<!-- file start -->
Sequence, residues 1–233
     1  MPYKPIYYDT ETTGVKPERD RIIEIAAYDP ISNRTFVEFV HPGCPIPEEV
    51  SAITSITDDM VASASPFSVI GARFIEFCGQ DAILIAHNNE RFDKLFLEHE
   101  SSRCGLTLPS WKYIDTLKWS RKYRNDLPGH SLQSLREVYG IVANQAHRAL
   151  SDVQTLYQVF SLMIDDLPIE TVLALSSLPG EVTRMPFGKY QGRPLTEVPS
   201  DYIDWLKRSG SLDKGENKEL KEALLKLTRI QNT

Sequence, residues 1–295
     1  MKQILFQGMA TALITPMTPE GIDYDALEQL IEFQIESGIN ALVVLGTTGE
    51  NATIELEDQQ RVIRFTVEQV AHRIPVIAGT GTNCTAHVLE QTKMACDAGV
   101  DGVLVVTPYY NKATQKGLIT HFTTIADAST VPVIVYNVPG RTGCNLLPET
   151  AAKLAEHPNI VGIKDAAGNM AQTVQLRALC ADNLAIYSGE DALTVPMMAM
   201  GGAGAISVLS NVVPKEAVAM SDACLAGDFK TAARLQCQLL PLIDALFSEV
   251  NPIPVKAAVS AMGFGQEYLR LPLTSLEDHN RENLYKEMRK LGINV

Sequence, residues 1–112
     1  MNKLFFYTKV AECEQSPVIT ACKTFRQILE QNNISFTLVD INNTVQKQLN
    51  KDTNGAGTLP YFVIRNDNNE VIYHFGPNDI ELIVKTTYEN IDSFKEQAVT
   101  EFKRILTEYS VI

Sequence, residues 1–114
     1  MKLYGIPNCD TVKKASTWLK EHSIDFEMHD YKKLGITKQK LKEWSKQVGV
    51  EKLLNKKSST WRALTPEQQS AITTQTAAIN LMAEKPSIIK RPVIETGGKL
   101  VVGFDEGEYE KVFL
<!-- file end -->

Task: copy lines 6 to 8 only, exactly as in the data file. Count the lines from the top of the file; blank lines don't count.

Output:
   201  DYIDWLKRSG SLDKGENKEL KEALLKLTRI QNT

Sequence, residues 1–295
     1  MKQILFQGMA TALITPMTPE GIDYDALEQL IEFQIESGIN ALVVLGTTGE